Guest Column

Digging Into the By-Elections Data

By Yan Naung Oak 31 March 2017

As the first national polls following 2015’s historic election approaches, there seems to be very little buzz about the whole affair. In contrast to the days leading up to the National League for Democracy’s (NLD) landslide win two years ago, or even 2012’s by-elections that brought the first batch of NLD parliament members into office, there is a noticeable lack of enthusiasm for the upcoming polls on April 1.

Nineteen seats are up for grabs in this year’s by-elections. Three seats are available in the Upper House, nine in the Lower House, and seven at the state and regional level. The interactive map below uses data made available by the Union Election Commission and the Asia Foundation’s Mae Pay Soh project in order to explore details about the candidates who are contesting for each seat.

As the by-elections mark Burma’s fourth election in the span of a decade, the data that has been released about the candidates, parties and the results of each of those elections offer quite a significant amount of material to ponder. Sifting through information about the thousands of candidates and results for hundreds of districts could yield a plethora of insights, and the analysis offered in this piece merely scratches the surface.

Firstly, noteworthy is the perceived lack of interest and enthusiasm this time around, in comparison to previous years. It is, however, important to acknowledge what proportion of the population is directly affected by this year’s by-elections in comparison to those in 2012.

Tallying up the seats, this year’s 19 seats is less than half of the 48 that were contested five years ago. Add to that the fact that some seats this year are in remote parts of Shan State, where elections were cancelled in 2015 due to security risks. Therefore, the number of people affected by the elections this year is only about a quarter of those directly impacted by the last by-election. Around 11.4 million people lived in the districts where the elections were held in 2012, whereas only 2.6 million people live in this year’s districts.

What can be expected in terms of possible results, looking back at how the candidates for various parties performed in these districts in 2015?

The NLD won the lion’s share of 11 of the seats being contested this year, but there was a noticeable trend in the margins with which they won.

The two charts below show the districts in which the NLD won more than 50 percent of the votes versus those in which they won less than 50 percent. Apart from Yawnghwe (Nyaungshwe) in Shan State, all of the other seats where the NLD swept the polls were in the Bamar majority heartland. In the Arakan, Chin, Shan, Karenni and Mon districts, even if they won, it was with much narrower margins. It is therefore likely that it will be in the ethnic states that they will face the staunchest competition this time around as well.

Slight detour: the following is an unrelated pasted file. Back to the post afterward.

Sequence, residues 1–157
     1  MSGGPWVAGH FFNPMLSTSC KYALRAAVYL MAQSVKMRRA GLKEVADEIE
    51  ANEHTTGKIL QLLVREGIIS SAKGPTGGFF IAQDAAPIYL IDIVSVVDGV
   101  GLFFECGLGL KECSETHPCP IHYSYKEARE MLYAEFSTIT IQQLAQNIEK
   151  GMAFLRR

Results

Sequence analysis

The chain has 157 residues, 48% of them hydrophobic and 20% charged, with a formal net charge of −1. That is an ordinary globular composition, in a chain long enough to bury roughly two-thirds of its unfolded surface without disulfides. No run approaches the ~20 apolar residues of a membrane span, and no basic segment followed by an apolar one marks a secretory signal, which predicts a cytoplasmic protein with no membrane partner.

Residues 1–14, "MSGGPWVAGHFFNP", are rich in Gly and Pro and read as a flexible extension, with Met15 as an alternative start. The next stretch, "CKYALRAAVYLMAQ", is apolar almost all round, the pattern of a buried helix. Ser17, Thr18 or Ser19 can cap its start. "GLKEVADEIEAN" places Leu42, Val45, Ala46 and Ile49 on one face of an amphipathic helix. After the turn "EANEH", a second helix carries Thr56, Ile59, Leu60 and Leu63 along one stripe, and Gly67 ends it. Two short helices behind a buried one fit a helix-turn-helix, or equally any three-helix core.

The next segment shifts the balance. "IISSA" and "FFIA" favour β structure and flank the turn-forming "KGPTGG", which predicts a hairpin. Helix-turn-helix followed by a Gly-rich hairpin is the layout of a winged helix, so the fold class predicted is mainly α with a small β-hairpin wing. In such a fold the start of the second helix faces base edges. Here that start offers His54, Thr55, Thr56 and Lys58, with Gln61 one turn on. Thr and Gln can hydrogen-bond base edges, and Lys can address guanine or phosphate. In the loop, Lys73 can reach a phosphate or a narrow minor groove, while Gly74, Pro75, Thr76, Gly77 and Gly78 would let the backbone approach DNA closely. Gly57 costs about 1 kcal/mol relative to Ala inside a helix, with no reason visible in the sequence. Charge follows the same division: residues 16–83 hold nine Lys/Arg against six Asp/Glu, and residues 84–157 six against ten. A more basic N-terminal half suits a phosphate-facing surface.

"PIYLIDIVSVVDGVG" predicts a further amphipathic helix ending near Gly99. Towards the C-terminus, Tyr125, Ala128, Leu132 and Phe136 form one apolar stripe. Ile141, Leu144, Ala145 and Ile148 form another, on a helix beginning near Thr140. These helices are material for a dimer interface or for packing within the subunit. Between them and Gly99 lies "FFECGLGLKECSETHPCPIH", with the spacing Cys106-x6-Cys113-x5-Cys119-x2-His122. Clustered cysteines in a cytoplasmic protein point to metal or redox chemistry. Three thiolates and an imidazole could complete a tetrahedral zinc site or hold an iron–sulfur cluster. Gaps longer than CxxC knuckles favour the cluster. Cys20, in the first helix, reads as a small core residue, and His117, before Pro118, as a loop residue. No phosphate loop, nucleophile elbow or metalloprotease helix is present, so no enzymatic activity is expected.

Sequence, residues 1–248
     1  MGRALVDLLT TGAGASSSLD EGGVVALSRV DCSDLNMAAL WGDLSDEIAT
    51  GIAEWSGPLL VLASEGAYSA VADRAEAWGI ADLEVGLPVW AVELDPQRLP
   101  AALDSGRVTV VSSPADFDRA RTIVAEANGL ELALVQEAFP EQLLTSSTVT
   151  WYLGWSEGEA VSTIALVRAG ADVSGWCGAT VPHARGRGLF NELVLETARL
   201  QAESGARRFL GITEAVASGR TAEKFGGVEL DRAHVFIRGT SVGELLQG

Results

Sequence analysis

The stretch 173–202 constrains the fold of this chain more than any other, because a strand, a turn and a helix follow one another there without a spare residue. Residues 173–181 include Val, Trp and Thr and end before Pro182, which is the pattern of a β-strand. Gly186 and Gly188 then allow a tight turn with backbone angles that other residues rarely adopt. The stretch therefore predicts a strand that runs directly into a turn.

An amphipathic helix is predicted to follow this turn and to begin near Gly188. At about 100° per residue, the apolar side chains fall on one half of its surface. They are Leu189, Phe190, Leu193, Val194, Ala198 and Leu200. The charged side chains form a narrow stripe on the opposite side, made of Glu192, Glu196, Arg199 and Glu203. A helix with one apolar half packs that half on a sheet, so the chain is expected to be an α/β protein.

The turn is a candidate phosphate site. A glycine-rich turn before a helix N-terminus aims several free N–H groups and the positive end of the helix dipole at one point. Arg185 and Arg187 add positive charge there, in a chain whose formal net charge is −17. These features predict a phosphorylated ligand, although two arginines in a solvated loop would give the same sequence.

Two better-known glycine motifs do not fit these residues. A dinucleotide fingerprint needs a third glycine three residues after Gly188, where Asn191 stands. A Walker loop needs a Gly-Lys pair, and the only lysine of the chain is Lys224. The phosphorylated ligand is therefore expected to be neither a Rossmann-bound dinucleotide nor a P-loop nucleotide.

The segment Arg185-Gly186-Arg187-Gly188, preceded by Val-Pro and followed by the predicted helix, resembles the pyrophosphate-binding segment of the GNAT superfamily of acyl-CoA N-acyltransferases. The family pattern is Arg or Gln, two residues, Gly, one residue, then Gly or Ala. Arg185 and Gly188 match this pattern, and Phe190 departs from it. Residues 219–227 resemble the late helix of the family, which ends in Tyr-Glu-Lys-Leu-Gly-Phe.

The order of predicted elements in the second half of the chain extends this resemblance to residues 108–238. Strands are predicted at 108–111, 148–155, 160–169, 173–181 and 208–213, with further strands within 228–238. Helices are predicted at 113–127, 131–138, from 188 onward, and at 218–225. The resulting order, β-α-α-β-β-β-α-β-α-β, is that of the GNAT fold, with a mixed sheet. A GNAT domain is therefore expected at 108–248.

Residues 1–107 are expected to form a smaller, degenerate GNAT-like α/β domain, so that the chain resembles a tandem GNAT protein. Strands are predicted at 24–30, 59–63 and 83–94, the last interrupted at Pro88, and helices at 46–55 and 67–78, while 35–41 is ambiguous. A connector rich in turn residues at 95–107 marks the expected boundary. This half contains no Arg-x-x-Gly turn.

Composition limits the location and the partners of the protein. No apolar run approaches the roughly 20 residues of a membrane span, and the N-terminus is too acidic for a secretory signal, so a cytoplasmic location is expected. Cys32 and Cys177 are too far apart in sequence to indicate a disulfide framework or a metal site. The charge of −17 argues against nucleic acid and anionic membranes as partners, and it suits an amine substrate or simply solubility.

Gender parity remains distant when it comes to election candidates in Burma, but there seems to be a slight improvement this year when compared to 2015.

Overall, 18 percent of this year’s candidates are women, compared to 13 percent in 2012. In terms of individual parties, men outnumber women in all of them except for the Shan Nationalities Democratic Party, which is fielding five women and two men. Of the competing parties, the worst in this regard is the Union Solidarity and Development Party (USDP), which has assembled a line-up that is exclusively male.

Religious diversity seems to have taken a very slight hit, with all the candidates this year being only Buddhist or Christian, whereas in 2015, around two percent of candidates professed other religions besides these two. Among this minority, there were 27 Muslim candidates—the rest identified as animists or atheists.

Perhaps somewhat surprisingly, it turns out that the USDP candidates have a more diverse ethnic representation than the NLD does in this year’s by-elections, with their candidates roughly equally divided between Bamar, Shan and candidates of other ethnicity. Since almost half of the seats this time around are in Shan State—nine out of 19—it seems reasonable that Shan candidates be well represented.

The majority of candidates in previous elections, as well as this one, tend to be 50 years or older, but the current crop of candidates are slightly younger on average than those in 2015, as the two charts below point out.

The most populous age bracket in 2015 was that of 60-65 year olds, whereas this time around it is the 50-55 bracket that boasts the most candidates. The youngest candidate is 28-year-old Nang Nway Nway from the Shan Nationalities Democratic Party contesting for the Kesi-1 (Kyethi) seat in the Shan State parliament; the oldest is the NLD’s U Kyaw Khin, who is almost 78 years old, and is contesting for the Shan State parliament seat in Mong Hsu-1 (Mongshu).

I work as an advocate for open data and transparency, and being able to dig into these datasets that have been publicly released, and to communicate my findings to the public has been a dream come true. I would love to see even more data being released and more people analyzing and discussing the information.

But while the numbers can definitely tell interesting stories, they can never provide the complete picture. I found that out personally in 2015, after very enthusiastically voting for the first time in my life.

A few weeks after casting my ballot in Hlaing Tharyar Township for the NLD’s Dr. Than Myint—currently serving in the cabinet as Minister of Commerce—news surfaced that his PhD was from an unaccredited defunct institution called Pacific Western University. While a dataset in a spreadsheet can point one in the right direction of greater transparency, it still remains just the first step in a more comprehensive process. Nevertheless, it is one that I hope more people will take.